The photo quality from the A1200 is very good for the money, particularly at and below ISO 200. At ISO 400, a sensitivity regularly used for shooting indoors without flash, photos look softer, but noise and noise suppression are well balanced making 4x6 prints possible. There is a noticeable increase in noise at ISO 800 resulting in faint yellow blotches and colors start getting slightly washed out. They're still pleasing enough for Web use at small sizes. However, everything that happens at ISO 800 increases at 1,600; use it for when you absolutely need to control motion blur and don't have a enough light or can't use the flash. Basically, this camera is great with a lot of light and very good indoors with bright lighting and/or a flash, but I wouldn't recommend it for regularly shooting in low-light conditions.
If you like to shoot close-ups, the A1200 can focus as close as 1.2 inches from a subject. The 12-megapixel resolution allows you to inspect fine details, but they're still a little soft and could use some sharpening with photo-editing software.
The f2.8 aperture is larger than on many competing cameras and does let you create a shallow depth of field. More importantly, though, you can use a slightly lower ISO when shooting indoors or in dimmer lighting.
Below ISO 200, the A1200 is capable of taking excellent portraits that are sharp with very good fine detail--even at full-screen resolution. This is a 100 percent crop of the inset photo.
Color performance is excellent from the A1200: bright, vivid, and accurate. Exposure is also very good. Highlights will blow out on occasion. The auto white balance indoors is a little warm, but otherwise it's good and you can always take advantage of the presets or manual white balance if you're not happy with the results.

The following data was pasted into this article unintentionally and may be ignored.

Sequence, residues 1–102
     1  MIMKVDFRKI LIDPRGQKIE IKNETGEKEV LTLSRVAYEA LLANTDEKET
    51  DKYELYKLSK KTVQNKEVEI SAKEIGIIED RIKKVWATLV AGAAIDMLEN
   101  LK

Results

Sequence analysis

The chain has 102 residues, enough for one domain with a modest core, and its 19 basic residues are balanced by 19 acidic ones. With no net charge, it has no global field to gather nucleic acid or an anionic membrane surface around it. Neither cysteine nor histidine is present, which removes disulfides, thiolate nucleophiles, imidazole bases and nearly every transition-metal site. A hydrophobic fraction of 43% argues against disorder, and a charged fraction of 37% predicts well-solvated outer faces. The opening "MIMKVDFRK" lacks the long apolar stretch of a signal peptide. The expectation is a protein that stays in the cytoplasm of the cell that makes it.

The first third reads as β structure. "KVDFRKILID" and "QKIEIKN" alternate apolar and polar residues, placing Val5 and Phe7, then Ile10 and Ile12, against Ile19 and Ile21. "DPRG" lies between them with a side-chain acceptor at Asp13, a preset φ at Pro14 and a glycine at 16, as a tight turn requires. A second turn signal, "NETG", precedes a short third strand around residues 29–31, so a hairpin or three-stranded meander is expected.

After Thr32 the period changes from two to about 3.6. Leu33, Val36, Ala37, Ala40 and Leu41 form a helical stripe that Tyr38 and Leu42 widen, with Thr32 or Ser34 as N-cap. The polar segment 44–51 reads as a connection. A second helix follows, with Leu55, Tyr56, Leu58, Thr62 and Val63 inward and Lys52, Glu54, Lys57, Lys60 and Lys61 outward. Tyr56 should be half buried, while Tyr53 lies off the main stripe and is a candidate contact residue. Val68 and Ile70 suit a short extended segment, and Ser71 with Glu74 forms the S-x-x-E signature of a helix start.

The A1200's lens goes from a wide 28mm to 112mm (35mm equivalent), a 4x zoom. Mostly, it allows for better framing opportunities without adding bulk or cost or degrading photo quality. Keep in mind, this camera doesn't have optical image stabilization, so if you're using the zoom, you'll definitely want to steady yourself or take advantage of the optical viewfinder.
There is slight barrel distortion at the wide end of the A1200's lens (top) and maybe a hint of it with the lens in telephoto, too. Center sharpness is very good, and though it softens a touch as you move out, it was still remarkably consistent edge to edge and in the corners compared with other budget cameras I've tested. Also, there was very little fringing in high-contrast areas of photos.
Canon's i-Contrast feature does a good job of rescuing shadow detail. The left photo is with it off, the right with it on Auto. However, you can also use it in playback and you actually get more control over the amount applied.
Live View Control
The new Live View Control mode allows you to adjust brightness, color, and tone with onscreen sliders and see what the photo will look like as you make the changes. The top photo was taken with all settings set to the middle. For the bottom photo I decreased brightness and tone slightly and increased the color to make it more vivid. All other settings are handled automatically, which is kind of a shame, but understandable given it's an A-series camera. (Note: These photos were taken with the Canon PowerShot A3300 IS and are only for demonstration of the shooting mode.)
If you want to experiment even more with your photos, Canon has dedicated a full spot on the mode dial to housing its Creative Effects options. These include a Toy Camera Effect (left from top to bottom: standard, warm, and cool), Monochrome, Super Vivid, and Poster Effect (right from top to bottom). (Note: These photos were taken with the Canon PowerShot A3300 IS and are only for demonstration of the shooting mode.)